According to the Buddha, even when we think we are trying to find real happiness, we are not doing it effectively, because we don’t have the right attitude and we don’t know where to look for it. The Buddha was not against happiness; rather, he gave us a method of finding out how to overcome that sense of dissatisfaction, and this method is part of the last Noble Truth. (We shall come to that soon.)

The key to understanding the truth of suffering is what the Buddha called the “three marks” of everything that exists. All conditioned phenomena,1 he said, are pervaded by these three marks: impermanence (anitya), dissatisfaction or suffering (duhkha), and insubstantiality (anatman, “without self”). According to the Buddha, if we do not understand how conditioned phenomena are marked by these three aspects, then we will not be able to understand the first Noble Truth. We may do all we can in order to avoid facing the fact that everything is contingent and transient—we may try to hide ourselves from it, and we may even spin out all kinds of metaphysical theories of an unchanging, permanent, substantial reality to avoid this all-pervasive nature of ephemerality. Also, if we do not understand that conditioned phenomena are unsatisfactory, we will not think about restraining ourselves from overindulgence in sensory gratifications, which makes us lose our center and become immersed in worldly concerns, so that our life is governed by greed, craving, and attachment. All of these things disturb the mind. If we do not understand that everything is insubstantial—anatman—then we may believe that there is some kind of enduring essence or substance in things, or in the personality, and because of this belief we generate delusion and confusion in the mind.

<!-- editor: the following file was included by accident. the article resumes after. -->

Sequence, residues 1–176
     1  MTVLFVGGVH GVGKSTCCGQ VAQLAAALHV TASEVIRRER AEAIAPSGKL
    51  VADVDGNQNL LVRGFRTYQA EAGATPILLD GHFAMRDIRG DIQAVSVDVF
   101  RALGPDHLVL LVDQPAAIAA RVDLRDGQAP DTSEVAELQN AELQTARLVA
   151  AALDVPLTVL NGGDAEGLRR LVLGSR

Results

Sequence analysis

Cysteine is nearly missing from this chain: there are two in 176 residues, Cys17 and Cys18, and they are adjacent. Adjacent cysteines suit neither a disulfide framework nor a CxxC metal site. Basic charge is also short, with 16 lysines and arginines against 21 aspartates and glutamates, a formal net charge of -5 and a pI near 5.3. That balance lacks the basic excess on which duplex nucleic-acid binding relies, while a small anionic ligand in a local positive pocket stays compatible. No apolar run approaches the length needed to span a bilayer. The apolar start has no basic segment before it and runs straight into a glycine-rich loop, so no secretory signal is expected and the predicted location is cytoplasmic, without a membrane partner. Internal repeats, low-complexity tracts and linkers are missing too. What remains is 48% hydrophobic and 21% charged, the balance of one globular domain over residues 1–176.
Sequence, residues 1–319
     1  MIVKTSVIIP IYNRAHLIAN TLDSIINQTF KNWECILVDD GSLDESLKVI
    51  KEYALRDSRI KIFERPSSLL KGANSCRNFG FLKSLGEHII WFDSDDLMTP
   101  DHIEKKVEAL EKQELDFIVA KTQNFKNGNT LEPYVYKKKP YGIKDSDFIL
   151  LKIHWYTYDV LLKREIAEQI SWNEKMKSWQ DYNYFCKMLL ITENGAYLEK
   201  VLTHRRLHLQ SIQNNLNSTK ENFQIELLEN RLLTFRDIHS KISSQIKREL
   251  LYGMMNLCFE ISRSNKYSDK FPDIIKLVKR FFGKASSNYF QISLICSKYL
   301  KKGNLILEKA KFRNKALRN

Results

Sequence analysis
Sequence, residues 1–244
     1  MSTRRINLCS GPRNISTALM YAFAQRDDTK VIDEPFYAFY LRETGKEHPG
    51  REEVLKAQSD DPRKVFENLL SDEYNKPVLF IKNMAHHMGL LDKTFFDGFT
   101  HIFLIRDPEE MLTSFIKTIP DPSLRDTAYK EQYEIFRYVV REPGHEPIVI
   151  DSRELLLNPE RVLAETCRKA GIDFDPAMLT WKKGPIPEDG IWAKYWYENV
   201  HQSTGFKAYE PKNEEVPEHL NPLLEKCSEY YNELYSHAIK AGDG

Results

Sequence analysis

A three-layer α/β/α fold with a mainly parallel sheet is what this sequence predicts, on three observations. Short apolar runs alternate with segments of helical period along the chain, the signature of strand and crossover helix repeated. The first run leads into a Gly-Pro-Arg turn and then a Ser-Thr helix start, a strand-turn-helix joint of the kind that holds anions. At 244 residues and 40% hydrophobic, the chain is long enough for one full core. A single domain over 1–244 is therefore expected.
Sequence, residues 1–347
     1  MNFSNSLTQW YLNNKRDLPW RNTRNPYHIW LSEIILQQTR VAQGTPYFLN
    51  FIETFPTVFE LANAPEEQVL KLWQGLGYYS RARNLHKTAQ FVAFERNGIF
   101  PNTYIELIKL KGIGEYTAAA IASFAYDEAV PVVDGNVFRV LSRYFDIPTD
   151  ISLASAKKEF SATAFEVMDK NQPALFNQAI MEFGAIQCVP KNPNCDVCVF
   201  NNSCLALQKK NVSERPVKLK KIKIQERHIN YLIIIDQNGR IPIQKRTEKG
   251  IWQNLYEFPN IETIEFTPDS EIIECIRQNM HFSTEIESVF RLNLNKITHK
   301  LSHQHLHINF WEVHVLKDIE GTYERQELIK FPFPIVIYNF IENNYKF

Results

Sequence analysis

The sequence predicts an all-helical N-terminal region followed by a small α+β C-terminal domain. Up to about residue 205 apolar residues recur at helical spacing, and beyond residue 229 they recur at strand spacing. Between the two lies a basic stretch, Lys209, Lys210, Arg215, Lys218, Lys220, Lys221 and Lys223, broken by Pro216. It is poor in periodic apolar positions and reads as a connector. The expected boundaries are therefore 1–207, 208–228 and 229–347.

The Origin of Suffering
The second Noble Truth is the origin of suffering, which means that once we have realized that suffering or dissatisfaction exists, we next have to find out where that suffering comes from: does it originate within, or does it come from some kind of external situation or condition’ The Buddha said that when we start to examine ourselves and see how we respond to situations, how we act in the world, how we feel about things, then we will realize that the cause of suffering is within. This is not to say that external social or economic conditions don’t create suffering; but the main suffering that afflicts us is created by our own mind and attitude.